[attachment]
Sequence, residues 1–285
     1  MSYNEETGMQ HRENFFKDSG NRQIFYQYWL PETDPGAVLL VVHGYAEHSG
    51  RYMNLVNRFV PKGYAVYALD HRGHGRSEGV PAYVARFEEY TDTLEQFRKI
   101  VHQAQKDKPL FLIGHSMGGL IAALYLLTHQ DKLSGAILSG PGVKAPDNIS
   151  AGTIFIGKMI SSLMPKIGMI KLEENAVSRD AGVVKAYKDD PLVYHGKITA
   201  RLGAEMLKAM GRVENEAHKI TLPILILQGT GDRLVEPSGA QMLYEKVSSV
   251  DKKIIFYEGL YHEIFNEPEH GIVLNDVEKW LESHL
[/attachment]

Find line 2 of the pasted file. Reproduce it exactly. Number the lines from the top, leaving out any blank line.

     1  MSYNEETGMQ HRENFFKDSG NRQIFYQYWL PETDPGAVLL VVHGYAEHSG